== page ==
The modern concept of credit was conceived in the 1700s when a bank allowed a man to withdraw more money from his bank account than he had in available funds. This was the first use of what we now know as an overdraft. Other forms of credit soon followed and in the twenty-first century, the majority of the UK adult population either uses credit on a daily basis or has some form of debt to be repaid, be it car finance, a student loan or even a mortgage.
There are now several forms of credit available in the UK finance market. From payday loans to home equity, from overdrafts to credit cards: there is almost definitely a type of credit product to suit any circumstance. Yet despite the range of borrowing options already established, the financial sector strives to innovate new forms of credit, either to answer an unmet demand or to make use of better technologies. One of the newer types of credit to join the market is a credit line. Like a credit card, a credit line allows you to manage your cashflow from month to month, meet unexpected bills and pay for occasional unbudgeted purchases like birthday presents or weekends away.
A credit line is an ongoing line of credit which remains accessible throughout your credit agreement. Instead of a loan where you must submit an application each time you wish to borrow, a credit line only requires one application. If approved, you can withdraw funds, up to your credit limit, and the money will be transferred directly into your bank account, usually within minutes.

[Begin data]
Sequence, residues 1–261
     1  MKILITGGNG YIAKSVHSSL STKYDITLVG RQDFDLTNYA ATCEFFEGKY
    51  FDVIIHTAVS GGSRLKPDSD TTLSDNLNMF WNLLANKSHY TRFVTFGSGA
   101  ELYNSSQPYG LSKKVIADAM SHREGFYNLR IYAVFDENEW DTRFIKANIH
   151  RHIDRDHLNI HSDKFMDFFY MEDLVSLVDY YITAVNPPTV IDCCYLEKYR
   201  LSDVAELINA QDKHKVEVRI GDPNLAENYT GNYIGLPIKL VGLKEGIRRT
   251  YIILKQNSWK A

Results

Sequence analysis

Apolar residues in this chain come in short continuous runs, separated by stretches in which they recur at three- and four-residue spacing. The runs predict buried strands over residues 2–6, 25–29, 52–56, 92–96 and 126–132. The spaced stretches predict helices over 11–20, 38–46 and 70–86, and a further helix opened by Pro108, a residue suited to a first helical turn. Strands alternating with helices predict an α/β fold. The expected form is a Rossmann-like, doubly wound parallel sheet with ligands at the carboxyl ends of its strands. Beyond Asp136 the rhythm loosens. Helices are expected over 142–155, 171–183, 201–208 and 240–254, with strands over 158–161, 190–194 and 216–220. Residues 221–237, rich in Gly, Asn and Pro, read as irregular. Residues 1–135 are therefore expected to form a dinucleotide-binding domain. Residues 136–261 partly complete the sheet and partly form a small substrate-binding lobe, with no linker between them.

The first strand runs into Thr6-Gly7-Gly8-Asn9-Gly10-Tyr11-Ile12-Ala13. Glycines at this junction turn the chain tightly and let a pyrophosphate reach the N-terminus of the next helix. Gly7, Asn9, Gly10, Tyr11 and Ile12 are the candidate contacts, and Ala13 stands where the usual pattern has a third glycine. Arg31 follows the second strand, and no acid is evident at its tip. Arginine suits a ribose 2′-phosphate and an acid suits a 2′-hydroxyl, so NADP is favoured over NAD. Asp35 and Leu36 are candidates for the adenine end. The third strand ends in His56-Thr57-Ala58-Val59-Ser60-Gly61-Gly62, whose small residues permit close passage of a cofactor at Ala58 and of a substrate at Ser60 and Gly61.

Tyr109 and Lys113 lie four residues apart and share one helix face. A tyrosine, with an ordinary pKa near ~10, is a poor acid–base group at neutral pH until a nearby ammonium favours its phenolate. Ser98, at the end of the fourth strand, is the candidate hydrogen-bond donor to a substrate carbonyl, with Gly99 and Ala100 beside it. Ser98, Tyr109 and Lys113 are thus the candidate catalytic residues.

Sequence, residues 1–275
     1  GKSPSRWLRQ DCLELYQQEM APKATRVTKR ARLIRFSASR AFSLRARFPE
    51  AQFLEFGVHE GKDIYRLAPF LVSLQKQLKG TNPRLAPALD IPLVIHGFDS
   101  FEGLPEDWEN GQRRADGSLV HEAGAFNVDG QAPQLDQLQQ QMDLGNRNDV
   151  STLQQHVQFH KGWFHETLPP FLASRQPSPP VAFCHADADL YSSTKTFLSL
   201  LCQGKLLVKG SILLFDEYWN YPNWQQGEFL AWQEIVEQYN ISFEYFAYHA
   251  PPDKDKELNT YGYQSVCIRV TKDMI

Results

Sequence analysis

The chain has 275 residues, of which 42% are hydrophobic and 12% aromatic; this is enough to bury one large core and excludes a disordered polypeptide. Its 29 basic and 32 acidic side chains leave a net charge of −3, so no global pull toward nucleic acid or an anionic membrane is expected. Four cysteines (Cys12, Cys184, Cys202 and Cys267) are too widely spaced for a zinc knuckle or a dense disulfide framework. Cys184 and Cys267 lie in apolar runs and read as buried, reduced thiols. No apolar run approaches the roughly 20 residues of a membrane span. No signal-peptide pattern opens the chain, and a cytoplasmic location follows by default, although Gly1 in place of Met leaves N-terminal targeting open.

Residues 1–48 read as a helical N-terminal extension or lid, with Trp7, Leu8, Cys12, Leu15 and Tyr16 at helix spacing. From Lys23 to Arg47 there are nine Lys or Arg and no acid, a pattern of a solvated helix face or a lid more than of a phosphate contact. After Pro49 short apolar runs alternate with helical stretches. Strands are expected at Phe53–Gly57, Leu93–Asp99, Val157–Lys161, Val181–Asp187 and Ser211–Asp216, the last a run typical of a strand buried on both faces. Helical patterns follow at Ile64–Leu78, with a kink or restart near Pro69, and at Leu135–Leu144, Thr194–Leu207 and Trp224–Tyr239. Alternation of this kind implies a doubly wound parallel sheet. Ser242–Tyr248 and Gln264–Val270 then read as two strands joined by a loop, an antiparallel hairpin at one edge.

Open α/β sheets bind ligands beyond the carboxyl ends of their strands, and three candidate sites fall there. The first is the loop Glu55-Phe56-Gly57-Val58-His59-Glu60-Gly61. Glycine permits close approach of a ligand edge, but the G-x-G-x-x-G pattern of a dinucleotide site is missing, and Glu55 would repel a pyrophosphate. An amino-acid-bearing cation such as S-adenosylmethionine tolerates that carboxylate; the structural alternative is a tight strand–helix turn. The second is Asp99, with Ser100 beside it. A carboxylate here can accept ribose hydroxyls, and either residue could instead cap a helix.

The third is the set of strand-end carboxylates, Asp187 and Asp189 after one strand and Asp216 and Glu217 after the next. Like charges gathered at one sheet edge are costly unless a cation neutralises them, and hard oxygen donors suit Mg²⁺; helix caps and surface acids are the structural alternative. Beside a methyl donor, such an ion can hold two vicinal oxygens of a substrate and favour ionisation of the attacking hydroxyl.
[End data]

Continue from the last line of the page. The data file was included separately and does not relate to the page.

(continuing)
You repay the funds that you borrowed at the end of the month, or you can make a minimum payment if you don’t want to settle the balance in full, and you only pay for the credit that you use. This means, you will only accrue interest on the amount of money you have withdrawn.
A credit card is a more widely used form of revolving credit at the moment because credit lines are still new. They function much in the same way as credit lines, but instead of withdrawing funds into your bank account, you will be supplied with a plastic credit card which you use to make transactions. Similarly, you will only pay interest on the amount that you borrow and if you aren’t able to settle your balance in full each month, you have the option of making a minimum payment instead.
It remains difficult to compare different credit products, other than by interest rate, because each product is designed to meet a different market, a different demographic and usually a different borrowing need. For example, a personal loan from a bank may be used to buy a car or complete a kitchen renovation; a mortgage is used to buy a house and overdrafts, credit cards and credit lines tend to be used for more day to day purchases and cashflow management.
In order to decide whether you should apply for a credit card or a credit line, there are a few questions you can ask yourself: